The European Parliament has, on Wednesday, voted to adopt the EU Digital COVID Certificate for international travel, laying the groundwork for the resumption of free movement within the bloc.
The package, which still needs to be approved by the European Council, would see EU travellers who have been vaccinated against COVID-19 be able to use locally issued EU vaccine certificates to enter other EU countries from 1st July.
Certificates will be issued free of charge by relevant national authorities in the form of either a digital or paper document featuring a QR code.
MEPs also agreed that EU states would not be able to impose additional travel restrictions on certificate holders, “unless they are necessary and proportionate to safeguard public health”.
Notably, it was additionally highlighted that the vaccine certificates should be effective for an initial period of 12 months, in a divergence from Malta’s earlier legal notice stating that vaccine certificates would be valid for six months.
The measure, which passed with a significant majority of 546 votes to 93, with 51 abstentions, was welcomed by the European Commission, amongst others.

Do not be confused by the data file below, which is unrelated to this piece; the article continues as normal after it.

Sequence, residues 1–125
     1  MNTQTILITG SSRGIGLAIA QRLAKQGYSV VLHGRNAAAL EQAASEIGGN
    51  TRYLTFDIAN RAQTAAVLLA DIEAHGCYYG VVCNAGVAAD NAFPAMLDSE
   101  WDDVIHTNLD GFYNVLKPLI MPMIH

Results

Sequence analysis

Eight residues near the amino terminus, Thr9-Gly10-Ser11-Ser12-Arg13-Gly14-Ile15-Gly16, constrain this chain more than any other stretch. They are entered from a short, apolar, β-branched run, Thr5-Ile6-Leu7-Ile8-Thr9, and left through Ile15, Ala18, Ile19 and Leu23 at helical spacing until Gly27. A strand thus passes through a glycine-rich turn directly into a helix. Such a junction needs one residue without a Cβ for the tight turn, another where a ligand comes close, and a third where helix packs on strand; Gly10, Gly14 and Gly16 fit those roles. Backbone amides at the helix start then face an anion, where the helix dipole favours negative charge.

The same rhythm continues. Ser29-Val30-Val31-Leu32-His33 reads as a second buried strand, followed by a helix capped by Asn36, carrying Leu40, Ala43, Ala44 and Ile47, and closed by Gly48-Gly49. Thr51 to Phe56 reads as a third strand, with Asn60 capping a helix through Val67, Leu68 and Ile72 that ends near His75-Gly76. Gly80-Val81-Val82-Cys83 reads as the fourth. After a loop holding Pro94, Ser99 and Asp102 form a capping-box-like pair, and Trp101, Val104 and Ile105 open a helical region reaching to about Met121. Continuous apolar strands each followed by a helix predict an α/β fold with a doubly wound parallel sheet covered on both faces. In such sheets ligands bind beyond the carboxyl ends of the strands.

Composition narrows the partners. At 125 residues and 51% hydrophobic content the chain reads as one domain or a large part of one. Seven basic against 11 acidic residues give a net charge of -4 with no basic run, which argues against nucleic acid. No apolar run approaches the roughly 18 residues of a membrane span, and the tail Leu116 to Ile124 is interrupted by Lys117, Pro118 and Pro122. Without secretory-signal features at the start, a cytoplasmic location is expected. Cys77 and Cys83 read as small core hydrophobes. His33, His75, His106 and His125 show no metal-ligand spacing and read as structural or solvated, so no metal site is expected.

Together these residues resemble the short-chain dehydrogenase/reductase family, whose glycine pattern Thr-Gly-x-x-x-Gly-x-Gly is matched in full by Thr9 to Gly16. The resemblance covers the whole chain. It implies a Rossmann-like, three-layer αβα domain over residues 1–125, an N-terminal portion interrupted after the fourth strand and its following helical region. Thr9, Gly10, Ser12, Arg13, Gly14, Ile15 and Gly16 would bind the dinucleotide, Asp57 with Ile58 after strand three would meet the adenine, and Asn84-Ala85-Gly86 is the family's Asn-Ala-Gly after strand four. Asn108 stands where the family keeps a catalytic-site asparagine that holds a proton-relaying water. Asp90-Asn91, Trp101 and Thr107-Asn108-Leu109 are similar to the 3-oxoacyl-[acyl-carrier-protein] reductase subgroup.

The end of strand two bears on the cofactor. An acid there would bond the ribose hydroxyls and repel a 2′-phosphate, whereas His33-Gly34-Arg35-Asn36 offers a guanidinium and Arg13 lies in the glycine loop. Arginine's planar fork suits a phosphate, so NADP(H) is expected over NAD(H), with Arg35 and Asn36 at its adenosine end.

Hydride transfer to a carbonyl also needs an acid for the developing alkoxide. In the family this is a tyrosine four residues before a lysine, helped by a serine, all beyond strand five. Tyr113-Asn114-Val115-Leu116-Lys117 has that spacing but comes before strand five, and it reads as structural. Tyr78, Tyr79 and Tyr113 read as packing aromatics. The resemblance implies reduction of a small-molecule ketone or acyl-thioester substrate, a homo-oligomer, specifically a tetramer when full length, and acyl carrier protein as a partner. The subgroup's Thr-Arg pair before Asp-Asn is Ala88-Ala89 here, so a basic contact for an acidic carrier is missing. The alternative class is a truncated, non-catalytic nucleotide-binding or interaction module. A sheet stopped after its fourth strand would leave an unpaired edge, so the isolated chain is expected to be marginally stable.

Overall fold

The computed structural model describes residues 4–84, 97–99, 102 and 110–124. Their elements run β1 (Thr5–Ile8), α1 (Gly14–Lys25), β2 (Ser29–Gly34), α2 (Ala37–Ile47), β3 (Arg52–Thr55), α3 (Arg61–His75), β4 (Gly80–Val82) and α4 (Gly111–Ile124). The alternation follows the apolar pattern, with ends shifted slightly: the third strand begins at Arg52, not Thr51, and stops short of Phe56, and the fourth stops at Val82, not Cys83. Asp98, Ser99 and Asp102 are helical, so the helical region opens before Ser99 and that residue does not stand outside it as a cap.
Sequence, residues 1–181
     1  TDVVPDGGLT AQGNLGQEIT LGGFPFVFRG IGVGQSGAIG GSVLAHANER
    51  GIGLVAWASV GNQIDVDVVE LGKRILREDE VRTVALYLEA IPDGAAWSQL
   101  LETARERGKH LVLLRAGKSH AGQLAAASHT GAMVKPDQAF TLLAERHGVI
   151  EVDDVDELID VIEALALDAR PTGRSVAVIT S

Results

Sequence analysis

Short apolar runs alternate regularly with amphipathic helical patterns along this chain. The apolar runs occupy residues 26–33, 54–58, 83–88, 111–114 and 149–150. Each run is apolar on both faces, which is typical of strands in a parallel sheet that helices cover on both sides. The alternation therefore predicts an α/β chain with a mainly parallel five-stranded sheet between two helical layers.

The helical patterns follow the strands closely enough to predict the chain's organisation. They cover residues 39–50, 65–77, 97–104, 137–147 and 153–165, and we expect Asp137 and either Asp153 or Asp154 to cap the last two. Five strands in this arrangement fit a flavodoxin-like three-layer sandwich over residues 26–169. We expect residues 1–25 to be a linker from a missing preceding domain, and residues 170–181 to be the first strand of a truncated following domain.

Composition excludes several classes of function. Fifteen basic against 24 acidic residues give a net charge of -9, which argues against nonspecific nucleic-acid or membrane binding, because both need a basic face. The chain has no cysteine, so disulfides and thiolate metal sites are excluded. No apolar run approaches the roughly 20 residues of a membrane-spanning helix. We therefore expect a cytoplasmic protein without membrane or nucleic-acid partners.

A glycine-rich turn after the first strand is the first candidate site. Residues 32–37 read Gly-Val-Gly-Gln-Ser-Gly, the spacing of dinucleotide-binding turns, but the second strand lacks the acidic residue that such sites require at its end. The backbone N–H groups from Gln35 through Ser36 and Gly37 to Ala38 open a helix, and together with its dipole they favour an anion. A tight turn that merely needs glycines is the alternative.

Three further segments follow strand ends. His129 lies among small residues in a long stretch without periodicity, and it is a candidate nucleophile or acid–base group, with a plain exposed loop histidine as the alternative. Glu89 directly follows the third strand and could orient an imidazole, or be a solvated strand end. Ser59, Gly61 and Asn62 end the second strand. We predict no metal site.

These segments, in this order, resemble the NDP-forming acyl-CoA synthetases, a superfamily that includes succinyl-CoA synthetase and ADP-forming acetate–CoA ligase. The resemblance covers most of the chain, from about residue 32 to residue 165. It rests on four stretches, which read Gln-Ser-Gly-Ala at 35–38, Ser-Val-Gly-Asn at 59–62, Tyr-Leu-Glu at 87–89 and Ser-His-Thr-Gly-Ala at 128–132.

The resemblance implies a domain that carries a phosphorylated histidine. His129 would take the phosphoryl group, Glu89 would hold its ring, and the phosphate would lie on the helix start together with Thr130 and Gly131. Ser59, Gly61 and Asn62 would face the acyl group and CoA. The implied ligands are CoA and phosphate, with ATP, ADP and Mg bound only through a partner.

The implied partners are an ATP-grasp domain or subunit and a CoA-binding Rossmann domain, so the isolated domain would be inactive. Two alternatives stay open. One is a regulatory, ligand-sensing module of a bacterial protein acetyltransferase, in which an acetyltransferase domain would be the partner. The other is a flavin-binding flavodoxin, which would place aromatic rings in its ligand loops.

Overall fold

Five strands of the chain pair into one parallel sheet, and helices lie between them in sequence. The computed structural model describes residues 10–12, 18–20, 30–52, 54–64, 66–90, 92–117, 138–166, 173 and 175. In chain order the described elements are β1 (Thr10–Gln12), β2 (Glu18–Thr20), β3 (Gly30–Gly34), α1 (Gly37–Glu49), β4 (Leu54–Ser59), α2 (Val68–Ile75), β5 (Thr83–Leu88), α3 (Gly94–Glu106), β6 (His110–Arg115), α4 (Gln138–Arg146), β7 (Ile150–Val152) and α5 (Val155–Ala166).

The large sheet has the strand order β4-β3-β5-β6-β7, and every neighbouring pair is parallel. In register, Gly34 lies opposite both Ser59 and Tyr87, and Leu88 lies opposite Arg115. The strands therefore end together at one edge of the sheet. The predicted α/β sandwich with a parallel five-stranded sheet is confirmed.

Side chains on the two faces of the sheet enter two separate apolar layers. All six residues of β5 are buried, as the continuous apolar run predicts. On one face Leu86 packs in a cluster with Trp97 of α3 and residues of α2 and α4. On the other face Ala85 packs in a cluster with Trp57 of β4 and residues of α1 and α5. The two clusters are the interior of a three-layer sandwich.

Plans for the Digital Green Certificates were first announced in March, as the tool by which the EU hoped to get international travel restarted again, by allowing users to skip pandemic-related travel restrictions, such as testing and self-isolation.
All EU countries will be required to accept certificates issued by other member states for vaccines authorised by the European Medicine Agency.
It comes as Malta’s reopening to international travel has stuttered under the strain of an inefficient travel document verification process.
On Tuesday, Malta International Airport called for the introduction of “digital validation solutions” to verify passenger health forms, saying that it would “allow for quicker access to passenger data should contact tracing be required as well as continue to a more seamless guest experience on arrival in Malta”.
The week before, images circulated online showing a packed airport filled with travellers waiting to get their passenger locator form and health documents verified.
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